What I want to review with you here is how these psychological skills help you practice intentional powerful thinking. As you practice these skills each day you will raise your awareness to your ‘user preferences’, create healthy thinking and produce positive emotions. These three areas combined will empower and inspire powerful thinking. 

1.     User Preferences

In our 'Think Organisation Communication' and 'Netflix-Mind' metaphors we talked about values and viewer preferences as crucial to producing desired cultures or healthy viewing recommendations. Your 'user preferences' work in the same way. When I refer to ‘user preferences’ I am talking about your values, beliefs, habits, likes and dislikes. Foundational to each of these are your values, the facets of life that are of highest importance to you. This is crucial when practicing intentional powerful thinking as it is the absolute core of who you are. The problem is, many people have little, if any, awareness of what their deepest values are. Have you really stopped to think about this?

You may ask, what are values? Values are those things you consider important to you. Our core values are the things we hold of utmost importance. For example, I have never been involved in a discussion at an individual or organisational level where family or friends are not named as core values. This is expected on a societal level, but also on an individual psychological level. Our brains are wired to be connected to others and are at their healthiest when this part of our mind is being fulfilled.

An individual or organisation that is fully aware of their values and lives them is laying a firm foundation for practicing intentional powerful thinking. They know their ‘why’ and are more likely to learn, change and grow. An individual or organisation that is not aware or is living in conflict of their values is more likely to create apathy, experience mental ill-health, believe they cannot achieve and create unhealthy self-fulfilling prophecies. They will not practice intentional powerful thinking, and sadly their thinking will dictate to them the quality of their experience and outcomes.

So, first things first for user preferences, establish your core values. You can do this by exploring with others what their core values are and why these are their core values. As you do this pay attention to your emotional responses, what are you connecting with, what is resonating with you on an emotional level. You can get a piece of paper and write down everything that is most important to you, put a brief reason why. Then reflect on what you have produced and highlight the 5 most important ones. Exercises like this will help you in raising your self-awareness to your deepest values. Once you have done this, write them down, turn them into a poster, produce a vision for your life that reflects the epitome of you living your values. Make this as visual and tangible as you can. The more familiar you are with you values, the better. Do not confuse values with your beliefs, your values drive your beliefs, if there’s a conflict, then review the beliefs. Your beliefs are not truth, they may align with truth, but it is possible to believe something and it not be true. Once core values have been established you can start exploring the best course of action for developing psychological skills. Like any personal development this will require some support and guidance.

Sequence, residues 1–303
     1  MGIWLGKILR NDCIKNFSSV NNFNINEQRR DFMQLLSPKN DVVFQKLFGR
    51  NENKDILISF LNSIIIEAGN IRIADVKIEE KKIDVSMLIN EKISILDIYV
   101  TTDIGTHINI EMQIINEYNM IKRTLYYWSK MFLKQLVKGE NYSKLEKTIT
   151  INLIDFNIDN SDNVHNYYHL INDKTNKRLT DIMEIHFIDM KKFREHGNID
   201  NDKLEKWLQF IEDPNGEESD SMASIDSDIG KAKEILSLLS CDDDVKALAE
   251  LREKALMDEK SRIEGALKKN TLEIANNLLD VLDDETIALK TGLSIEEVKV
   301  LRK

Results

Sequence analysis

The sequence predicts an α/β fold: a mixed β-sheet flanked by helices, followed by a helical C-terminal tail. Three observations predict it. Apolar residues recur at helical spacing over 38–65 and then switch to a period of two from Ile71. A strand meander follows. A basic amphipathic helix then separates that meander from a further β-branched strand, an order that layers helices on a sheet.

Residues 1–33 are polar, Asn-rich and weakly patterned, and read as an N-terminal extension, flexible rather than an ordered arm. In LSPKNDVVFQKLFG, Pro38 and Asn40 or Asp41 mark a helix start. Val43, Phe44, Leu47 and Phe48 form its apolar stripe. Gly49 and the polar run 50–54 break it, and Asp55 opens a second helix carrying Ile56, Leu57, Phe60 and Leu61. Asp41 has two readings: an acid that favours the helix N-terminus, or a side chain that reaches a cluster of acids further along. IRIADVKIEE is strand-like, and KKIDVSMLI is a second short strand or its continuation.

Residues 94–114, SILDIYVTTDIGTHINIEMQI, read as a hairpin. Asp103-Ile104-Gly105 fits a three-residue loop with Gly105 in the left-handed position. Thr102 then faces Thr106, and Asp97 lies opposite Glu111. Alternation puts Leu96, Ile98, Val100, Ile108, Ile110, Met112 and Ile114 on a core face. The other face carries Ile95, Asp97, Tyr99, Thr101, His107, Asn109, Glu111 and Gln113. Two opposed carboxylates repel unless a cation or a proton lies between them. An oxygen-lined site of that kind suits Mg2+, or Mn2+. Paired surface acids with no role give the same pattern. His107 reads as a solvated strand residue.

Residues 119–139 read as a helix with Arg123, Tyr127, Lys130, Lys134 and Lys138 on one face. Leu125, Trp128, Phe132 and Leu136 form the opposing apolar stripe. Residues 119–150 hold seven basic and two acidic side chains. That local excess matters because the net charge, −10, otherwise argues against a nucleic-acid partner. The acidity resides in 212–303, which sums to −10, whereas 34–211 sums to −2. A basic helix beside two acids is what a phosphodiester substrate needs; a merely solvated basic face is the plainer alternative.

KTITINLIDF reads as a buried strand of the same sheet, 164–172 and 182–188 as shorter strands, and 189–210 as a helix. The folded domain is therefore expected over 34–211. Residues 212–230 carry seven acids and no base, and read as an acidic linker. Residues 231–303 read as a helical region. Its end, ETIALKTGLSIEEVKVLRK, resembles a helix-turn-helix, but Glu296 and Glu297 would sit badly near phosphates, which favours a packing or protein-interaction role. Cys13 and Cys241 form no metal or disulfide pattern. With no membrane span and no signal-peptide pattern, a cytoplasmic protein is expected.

2.     Healthy Thinking

Creating healthy thinking is a key aim to practicing intentional powerful thinking. Often people are unaware of their thoughts and the impact they are having on their life. Many accredit their circumstances and the quality of their life to external factors i.e. economy, friends, neighbours, family, government and employers etc. Whilst these factors do influence and impact our lives, they do not determine the quality of life. As already discussed, it takes the development of psychological skills to really affect this. The development of these skills to produce healthy thinking is critical, as much of our experience with emotions in life and our behaviours, including habits stem from our thinking.

One major challenge in life for much of society is stress-management, some have argued that we are facing a global stress epidemic underlying a global mental ill-health epidemic. A crucial factor of stress is our thoughts, out of control stress can feel like a frenzy of thoughts, which seem impossible to control. This experience can lead to spiralling out of control uncomfortable and distressing emotions, which can also feel impossible to switch off. If we allow our thinking to run wild, with little to no control, we will become subject to it, and we will not understand or know how to change it. This can break down mental health and cause mental ill-health. Once mental health breaks down, like with physical health, it becomes very difficult to repair and rebuild. But it is possible. What is also possible is the prevention of mental ill-health. This is achieved as we develop healthy thinking, which can empower greater influence over our emotions and behaviours. Dr. Debasish Mridha (2014) said;

“The best treatment for stress, anxiety and depression is to change your perception”